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Random Thoughts

Subverting Expectations (Persona 5)

Before I talk about the subject of this post, a spoiler warning: I’ll be talking about the big twist in Persona 5. If you’ve played it, you already know what I mean. If you’ve not, stop reading now unless you don’t care. And if you don’t care, why are you reading this? Now, onto the subject.

There are twists that come completely out of nowhere and are so utterly nonsensical and poorly set up that it’s hard to believe a real person actually wrote them. You know the sort of thing; your Star Ocean 3s, your Mass Effect 3s, your God of War 3s (… there seems to be something about the number 3…).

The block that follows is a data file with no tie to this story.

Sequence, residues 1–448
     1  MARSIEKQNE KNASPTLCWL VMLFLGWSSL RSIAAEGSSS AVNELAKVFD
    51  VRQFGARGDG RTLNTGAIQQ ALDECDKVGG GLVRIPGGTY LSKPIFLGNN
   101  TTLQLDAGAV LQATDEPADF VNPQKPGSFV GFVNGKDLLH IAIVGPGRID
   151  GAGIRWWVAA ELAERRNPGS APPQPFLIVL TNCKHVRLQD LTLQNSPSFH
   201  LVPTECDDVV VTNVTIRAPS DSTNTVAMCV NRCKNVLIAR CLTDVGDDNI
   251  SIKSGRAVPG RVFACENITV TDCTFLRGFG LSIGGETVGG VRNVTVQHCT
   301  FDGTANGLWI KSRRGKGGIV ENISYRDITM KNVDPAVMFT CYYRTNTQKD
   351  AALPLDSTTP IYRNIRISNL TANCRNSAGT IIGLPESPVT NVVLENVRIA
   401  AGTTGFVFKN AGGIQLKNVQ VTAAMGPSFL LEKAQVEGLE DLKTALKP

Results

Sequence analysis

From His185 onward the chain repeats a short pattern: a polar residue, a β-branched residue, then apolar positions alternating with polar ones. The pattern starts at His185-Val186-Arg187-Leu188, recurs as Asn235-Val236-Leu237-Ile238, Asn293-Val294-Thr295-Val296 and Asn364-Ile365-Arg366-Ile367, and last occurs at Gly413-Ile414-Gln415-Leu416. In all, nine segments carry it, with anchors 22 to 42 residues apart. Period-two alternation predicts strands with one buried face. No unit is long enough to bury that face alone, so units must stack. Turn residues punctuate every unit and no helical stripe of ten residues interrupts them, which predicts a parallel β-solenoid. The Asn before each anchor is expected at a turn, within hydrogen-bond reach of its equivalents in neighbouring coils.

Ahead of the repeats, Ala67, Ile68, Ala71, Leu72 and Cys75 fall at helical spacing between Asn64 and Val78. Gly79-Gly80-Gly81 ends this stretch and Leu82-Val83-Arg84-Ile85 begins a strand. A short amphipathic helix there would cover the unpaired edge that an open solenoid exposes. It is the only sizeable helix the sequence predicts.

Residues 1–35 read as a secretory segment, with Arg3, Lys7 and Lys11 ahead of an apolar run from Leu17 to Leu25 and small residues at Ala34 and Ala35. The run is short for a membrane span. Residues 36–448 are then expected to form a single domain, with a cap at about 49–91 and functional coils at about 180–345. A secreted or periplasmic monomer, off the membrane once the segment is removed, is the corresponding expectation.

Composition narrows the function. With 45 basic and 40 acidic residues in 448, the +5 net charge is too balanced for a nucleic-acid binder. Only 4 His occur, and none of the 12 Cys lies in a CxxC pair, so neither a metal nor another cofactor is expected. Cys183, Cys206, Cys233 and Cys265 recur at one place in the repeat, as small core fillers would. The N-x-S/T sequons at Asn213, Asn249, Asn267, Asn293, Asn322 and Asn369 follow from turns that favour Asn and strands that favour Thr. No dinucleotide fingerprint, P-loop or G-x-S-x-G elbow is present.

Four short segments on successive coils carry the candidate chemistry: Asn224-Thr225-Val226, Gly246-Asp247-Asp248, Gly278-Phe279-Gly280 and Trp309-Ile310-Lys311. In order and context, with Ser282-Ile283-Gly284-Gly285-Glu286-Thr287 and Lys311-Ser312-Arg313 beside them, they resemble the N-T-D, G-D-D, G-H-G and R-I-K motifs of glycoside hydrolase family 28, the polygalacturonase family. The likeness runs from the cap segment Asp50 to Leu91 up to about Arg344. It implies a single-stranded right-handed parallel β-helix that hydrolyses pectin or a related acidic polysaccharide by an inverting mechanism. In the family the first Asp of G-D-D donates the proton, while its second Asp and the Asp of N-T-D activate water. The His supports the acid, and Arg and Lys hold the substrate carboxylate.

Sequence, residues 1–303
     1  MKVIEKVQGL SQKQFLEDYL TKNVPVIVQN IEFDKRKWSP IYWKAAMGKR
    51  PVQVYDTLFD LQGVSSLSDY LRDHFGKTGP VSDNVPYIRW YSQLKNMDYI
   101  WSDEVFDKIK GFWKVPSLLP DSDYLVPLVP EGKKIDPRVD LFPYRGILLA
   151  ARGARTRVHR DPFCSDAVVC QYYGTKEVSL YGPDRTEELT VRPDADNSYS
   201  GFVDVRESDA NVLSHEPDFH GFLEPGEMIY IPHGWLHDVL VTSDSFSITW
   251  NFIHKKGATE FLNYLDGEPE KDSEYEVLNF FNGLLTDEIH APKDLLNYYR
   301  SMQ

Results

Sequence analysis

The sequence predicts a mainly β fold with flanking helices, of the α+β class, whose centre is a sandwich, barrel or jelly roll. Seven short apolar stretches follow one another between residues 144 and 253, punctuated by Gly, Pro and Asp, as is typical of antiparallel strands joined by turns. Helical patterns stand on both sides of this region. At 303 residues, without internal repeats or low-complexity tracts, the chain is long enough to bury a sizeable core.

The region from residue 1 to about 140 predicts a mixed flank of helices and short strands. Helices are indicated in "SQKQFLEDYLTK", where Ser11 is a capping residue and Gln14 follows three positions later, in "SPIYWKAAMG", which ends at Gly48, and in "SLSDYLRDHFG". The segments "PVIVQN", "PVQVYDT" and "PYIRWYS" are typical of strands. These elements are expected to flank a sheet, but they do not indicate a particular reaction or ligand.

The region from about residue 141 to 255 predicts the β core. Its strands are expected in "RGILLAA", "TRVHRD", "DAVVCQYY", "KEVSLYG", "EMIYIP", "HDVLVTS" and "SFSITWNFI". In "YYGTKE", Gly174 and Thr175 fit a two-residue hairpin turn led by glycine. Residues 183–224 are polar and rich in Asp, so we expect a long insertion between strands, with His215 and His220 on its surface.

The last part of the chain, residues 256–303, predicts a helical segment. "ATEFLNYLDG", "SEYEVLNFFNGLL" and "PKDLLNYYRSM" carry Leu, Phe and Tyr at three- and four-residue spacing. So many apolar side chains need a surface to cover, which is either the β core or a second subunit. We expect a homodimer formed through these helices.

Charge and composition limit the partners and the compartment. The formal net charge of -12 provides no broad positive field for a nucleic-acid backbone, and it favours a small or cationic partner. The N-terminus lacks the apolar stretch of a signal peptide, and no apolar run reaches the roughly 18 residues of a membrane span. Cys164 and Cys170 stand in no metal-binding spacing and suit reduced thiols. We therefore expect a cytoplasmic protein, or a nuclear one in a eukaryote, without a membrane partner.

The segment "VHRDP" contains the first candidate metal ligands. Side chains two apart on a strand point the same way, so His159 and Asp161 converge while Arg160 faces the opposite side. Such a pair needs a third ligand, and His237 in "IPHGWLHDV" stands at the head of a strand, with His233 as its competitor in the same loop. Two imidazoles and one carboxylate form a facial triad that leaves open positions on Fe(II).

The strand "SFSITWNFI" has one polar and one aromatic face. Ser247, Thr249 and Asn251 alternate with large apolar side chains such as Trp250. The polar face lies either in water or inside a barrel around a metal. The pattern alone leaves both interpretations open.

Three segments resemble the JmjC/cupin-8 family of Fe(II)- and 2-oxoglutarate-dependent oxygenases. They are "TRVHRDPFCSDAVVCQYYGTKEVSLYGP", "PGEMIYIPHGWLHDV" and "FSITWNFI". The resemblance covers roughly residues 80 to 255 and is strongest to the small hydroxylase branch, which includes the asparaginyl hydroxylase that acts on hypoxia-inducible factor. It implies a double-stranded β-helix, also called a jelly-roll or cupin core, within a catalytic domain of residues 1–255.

And then there are twists that are so good in so many ways that I still can’t believe a real person actually wrote them, just for wholly different reasons. Twists are pretty hard to pull off well, and it’s often a case that they’ll present themselves to a writer mid-way through drafting, or at the end, or while editing and polishing, necessitating entire rewrites to incorporate the new ideas.

At the other end of the spectrum you get stories where it’s abundantly clear that the writer had the idea for a twist first, then wrote the narrative around it. For a good (bad?) example of this type, go play Fallout 4. It’s a terrible twist basically everyone saw coming months before release, and is so ineptly handled that I’m not sure how Emil Pagliarulo can even show his face in public after coming up with it.